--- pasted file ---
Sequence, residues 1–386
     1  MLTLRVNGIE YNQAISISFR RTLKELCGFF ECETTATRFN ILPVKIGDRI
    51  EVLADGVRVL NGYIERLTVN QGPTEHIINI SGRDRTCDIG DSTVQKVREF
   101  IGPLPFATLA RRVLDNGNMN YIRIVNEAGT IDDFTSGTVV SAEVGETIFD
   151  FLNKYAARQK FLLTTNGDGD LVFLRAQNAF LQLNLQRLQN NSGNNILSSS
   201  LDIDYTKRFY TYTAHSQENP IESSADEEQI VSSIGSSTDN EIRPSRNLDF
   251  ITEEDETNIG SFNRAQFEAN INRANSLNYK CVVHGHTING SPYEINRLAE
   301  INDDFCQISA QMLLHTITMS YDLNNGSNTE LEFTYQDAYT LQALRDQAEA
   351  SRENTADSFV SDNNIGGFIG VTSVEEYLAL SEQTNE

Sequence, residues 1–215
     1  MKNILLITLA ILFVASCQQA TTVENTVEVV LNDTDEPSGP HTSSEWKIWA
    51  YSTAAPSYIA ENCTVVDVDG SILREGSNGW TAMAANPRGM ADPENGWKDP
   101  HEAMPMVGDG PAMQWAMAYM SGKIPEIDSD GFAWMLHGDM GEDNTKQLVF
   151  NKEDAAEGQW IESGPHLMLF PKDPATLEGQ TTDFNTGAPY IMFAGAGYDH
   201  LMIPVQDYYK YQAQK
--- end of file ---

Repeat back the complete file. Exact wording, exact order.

Sequence, residues 1–386
     1  MLTLRVNGIE YNQAISISFR RTLKELCGFF ECETTATRFN ILPVKIGDRI
    51  EVLADGVRVL NGYIERLTVN QGPTEHIINI SGRDRTCDIG DSTVQKVREF
   101  IGPLPFATLA RRVLDNGNMN YIRIVNEAGT IDDFTSGTVV SAEVGETIFD
   151  FLNKYAARQK FLLTTNGDGD LVFLRAQNAF LQLNLQRLQN NSGNNILSSS
   201  LDIDYTKRFY TYTAHSQENP IESSADEEQI VSSIGSSTDN EIRPSRNLDF
   251  ITEEDETNIG SFNRAQFEAN INRANSLNYK CVVHGHTING SPYEINRLAE
   301  INDDFCQISA QMLLHTITMS YDLNNGSNTE LEFTYQDAYT LQALRDQAEA
   351  SRENTADSFV SDNNIGGFIG VTSVEEYLAL SEQTNE

Sequence, residues 1–215
     1  MKNILLITLA ILFVASCQQA TTVENTVEVV LNDTDEPSGP HTSSEWKIWA
    51  YSTAAPSYIA ENCTVVDVDG SILREGSNGW TAMAANPRGM ADPENGWKDP
   101  HEAMPMVGDG PAMQWAMAYM SGKIPEIDSD GFAWMLHGDM GEDNTKQLVF
   151  NKEDAAEGQW IESGPHLMLF PKDPATLEGQ TTDFNTGAPY IMFAGAGYDH
   201  LMIPVQDYYK YQAQK